"For I decided to know nothing among you except Jesus Christ and him crucified. " 1 Corinthians 2:2

Stalwarts of the Faith | John Knox

from Reformation History

knoxJohn Knox, the most famous Scottish Reformer, was born near Edinburgh in 1505. He went to his local school and then to university in St Andrews, before becoming a deacon and a priest in the (Roman Catholic) Church.

From 1542, Scotland was governed by Regent Arran as Mary Queen of Scots [link to First Reformation – Monarchs – Mary QOS] was still a baby. Arran benefited reform in Scotland in a number of ways. Firstly, he passed a law that allowed people to read the Bible in their own language. He then appointed the Protestant Thomas Guillame to preach around Scotland, and it was through his preaching that John Knox was converted. The biggest influence on Knox’s life however was George Wishart.

After Wishart’s death in 1546, Knox taught the sons of a number of Protestants who had captured St Andrews Castle. Some of those in the castle called Knox to become their minister. At this he burst into tears and ran off to his room because of what a responsibility he knew it would be. A few days later however he accepted the call. In the summer of 1547 French warships attacked the castle. Knox was taken prisoner, kept aboard in one of the ships and forced to row it in chains with other galley slaves. After 19 months however he was set free, and went to England where Archbishop Cranmer was working to promote the Reformation, and he was appointed as a preacher [in Berwick]. He attacked the Roman Catholic mass as idolatry because it was ‘invented by the brain of man’ and not commanded by God. In 1551 he was invited to live in London and preach before king Edward VI.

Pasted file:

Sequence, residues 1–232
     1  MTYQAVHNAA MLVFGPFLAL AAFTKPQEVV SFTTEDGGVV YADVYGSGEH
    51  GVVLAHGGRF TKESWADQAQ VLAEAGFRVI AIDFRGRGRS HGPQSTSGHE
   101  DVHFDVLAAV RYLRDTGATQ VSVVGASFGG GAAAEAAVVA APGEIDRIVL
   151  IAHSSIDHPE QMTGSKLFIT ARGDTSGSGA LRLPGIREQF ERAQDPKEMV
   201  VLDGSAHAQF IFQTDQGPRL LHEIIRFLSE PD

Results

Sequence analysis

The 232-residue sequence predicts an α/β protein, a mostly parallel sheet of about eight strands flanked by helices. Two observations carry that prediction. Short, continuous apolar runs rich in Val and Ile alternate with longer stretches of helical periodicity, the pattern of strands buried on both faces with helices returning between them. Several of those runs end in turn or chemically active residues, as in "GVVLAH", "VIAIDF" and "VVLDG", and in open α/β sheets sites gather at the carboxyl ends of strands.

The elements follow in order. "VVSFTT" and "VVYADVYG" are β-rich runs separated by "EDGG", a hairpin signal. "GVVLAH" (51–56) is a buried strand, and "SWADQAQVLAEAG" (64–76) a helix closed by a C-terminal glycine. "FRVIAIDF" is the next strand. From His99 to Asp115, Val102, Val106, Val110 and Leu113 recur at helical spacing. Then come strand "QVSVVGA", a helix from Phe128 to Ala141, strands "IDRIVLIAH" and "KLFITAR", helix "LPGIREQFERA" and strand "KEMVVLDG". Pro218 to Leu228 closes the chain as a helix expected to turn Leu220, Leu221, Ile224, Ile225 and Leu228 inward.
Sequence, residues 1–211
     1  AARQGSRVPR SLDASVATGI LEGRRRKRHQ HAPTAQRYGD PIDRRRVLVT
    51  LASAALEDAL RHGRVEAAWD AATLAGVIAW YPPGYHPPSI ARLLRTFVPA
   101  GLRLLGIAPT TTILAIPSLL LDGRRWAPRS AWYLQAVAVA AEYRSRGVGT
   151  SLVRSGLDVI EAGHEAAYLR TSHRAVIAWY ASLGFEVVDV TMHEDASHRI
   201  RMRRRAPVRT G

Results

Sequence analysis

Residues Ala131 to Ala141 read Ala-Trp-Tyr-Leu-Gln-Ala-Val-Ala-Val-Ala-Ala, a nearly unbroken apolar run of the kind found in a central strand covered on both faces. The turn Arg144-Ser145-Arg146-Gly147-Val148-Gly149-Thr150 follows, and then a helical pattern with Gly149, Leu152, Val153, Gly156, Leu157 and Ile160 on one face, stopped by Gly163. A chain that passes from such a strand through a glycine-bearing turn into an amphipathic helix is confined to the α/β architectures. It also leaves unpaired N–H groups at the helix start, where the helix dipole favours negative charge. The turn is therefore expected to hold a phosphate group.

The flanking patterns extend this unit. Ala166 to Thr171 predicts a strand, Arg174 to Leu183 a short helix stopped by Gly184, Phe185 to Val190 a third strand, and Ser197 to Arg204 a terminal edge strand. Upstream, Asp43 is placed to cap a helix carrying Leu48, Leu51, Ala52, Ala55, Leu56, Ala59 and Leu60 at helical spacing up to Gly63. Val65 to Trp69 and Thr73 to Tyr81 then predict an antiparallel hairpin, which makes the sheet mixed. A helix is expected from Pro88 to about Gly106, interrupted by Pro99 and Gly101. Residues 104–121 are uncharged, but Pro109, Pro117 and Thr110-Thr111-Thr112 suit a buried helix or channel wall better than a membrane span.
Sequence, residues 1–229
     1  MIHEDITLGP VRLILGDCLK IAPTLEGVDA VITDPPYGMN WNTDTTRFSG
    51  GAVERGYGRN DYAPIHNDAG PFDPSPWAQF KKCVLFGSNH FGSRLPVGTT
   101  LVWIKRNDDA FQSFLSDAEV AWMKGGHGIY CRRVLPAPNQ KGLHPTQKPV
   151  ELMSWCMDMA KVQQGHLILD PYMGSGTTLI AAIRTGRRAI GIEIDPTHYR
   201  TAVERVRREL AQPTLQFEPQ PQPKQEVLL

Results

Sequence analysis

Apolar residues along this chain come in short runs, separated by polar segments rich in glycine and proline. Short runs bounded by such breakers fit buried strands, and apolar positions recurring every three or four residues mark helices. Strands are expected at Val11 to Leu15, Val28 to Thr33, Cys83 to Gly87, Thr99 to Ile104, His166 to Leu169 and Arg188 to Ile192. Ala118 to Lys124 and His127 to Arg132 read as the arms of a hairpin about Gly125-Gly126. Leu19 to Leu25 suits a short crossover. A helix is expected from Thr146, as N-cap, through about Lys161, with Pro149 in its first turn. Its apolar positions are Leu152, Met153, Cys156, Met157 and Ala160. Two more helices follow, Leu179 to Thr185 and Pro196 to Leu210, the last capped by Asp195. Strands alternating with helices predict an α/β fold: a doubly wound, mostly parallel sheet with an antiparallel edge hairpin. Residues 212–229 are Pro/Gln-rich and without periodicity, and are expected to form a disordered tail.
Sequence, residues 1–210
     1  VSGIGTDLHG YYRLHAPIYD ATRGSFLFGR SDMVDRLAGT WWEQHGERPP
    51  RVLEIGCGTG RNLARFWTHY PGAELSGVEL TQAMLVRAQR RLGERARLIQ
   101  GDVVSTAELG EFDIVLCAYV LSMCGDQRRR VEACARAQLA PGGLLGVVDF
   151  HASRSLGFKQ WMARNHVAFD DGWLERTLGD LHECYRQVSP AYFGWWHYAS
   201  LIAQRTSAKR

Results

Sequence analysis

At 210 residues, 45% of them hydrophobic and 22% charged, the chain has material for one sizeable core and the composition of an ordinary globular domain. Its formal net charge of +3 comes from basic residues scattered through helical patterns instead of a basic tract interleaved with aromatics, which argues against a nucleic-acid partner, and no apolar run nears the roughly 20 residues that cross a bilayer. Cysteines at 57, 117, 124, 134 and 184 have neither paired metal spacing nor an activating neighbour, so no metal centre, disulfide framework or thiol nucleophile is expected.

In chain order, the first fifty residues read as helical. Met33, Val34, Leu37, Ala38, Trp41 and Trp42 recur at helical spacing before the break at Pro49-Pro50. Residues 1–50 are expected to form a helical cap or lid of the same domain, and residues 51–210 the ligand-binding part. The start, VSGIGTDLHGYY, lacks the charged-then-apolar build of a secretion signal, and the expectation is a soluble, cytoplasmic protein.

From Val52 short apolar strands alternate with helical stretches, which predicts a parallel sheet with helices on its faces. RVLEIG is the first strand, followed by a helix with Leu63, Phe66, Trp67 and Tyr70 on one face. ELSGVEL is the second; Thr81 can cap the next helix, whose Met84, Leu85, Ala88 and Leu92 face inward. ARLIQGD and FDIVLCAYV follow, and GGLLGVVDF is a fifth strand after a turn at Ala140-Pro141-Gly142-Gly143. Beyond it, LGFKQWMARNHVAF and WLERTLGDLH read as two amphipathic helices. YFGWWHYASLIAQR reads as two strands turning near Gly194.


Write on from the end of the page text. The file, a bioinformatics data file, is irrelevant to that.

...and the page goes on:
In 1553, the Roman Catholic Mary I became Queen. Knox was now in danger so he left for Europe. He became minister in Frankfurt in Germany and then in Geneva in Switzerland where John Calvin was also a minister. In between he returned to Scotland to get married and preach, and was surprised at how far the teaching of the Reformers was spreading. [Read more…]

Christianity.com: What is “the sinner’s prayer?” Is it biblical?-John MacArthur

God’s Sovereignty | Ligonier Ministries

“I will be gracious to whom I will be gracious, and will show mercy on whom I will show mercy” (Ex. 33:19b).
– Exodus 33:19B

Arminians (semi-Pelagians) know the Lord is all-powerful (Job 42:1–2) and can stop or start any event if He so desires. Arminians also affirm the Creator’s complete knowledge of the future (Isa. 46:8–10) even if they do not attribute causation to God in the same sense that Augustinians (Calvinists) do. Therefore, Arminians, no less than Calvinists, believe the Lord foreordains all things. For example, if God knows He will stop me from wearing every shirt I own today except my green one, then the Arminian has to admit that I must wear my green shirt. The event is established; it is foreordained.